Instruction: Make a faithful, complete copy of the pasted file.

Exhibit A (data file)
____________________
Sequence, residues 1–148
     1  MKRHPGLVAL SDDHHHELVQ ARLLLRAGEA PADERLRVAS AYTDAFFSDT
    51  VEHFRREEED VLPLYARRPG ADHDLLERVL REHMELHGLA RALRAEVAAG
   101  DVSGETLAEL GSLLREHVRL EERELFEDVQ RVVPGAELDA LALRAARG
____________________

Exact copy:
Sequence, residues 1–148
     1  MKRHPGLVAL SDDHHHELVQ ARLLLRAGEA PADERLRVAS AYTDAFFSDT
    51  VEHFRREEED VLPLYARRPG ADHDLLERVL REHMELHGLA RALRAEVAAG
   101  DVSGETLAEL GSLLREHVRL EERELFEDVQ RVVPGAELDA LALRAARG